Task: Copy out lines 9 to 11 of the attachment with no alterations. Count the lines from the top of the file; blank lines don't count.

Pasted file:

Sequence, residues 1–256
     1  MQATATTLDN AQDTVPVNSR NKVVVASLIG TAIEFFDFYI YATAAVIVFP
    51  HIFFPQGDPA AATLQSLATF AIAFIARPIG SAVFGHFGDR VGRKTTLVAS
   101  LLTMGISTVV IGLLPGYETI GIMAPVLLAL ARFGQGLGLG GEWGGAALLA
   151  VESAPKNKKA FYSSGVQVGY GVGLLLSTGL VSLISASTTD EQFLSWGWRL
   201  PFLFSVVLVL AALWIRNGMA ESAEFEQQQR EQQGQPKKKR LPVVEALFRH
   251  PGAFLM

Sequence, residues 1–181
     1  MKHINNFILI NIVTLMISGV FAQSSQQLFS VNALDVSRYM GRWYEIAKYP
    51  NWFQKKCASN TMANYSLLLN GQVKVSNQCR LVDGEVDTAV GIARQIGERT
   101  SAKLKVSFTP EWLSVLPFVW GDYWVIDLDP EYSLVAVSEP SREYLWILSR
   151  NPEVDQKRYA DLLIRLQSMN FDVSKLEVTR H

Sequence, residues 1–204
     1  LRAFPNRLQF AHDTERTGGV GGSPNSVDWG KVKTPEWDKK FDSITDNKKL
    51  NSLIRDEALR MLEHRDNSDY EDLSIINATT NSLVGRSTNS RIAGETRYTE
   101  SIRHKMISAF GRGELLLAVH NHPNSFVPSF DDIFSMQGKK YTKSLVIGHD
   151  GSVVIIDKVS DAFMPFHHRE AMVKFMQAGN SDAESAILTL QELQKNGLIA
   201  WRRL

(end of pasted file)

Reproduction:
     1  MKHINNFILI NIVTLMISGV FAQSSQQLFS VNALDVSRYM GRWYEIAKYP
    51  NWFQKKCASN TMANYSLLLN GQVKVSNQCR LVDGEVDTAV GIARQIGERT
   101  SAKLKVSFTP EWLSVLPFVW GDYWVIDLDP EYSLVAVSEP SREYLWILSR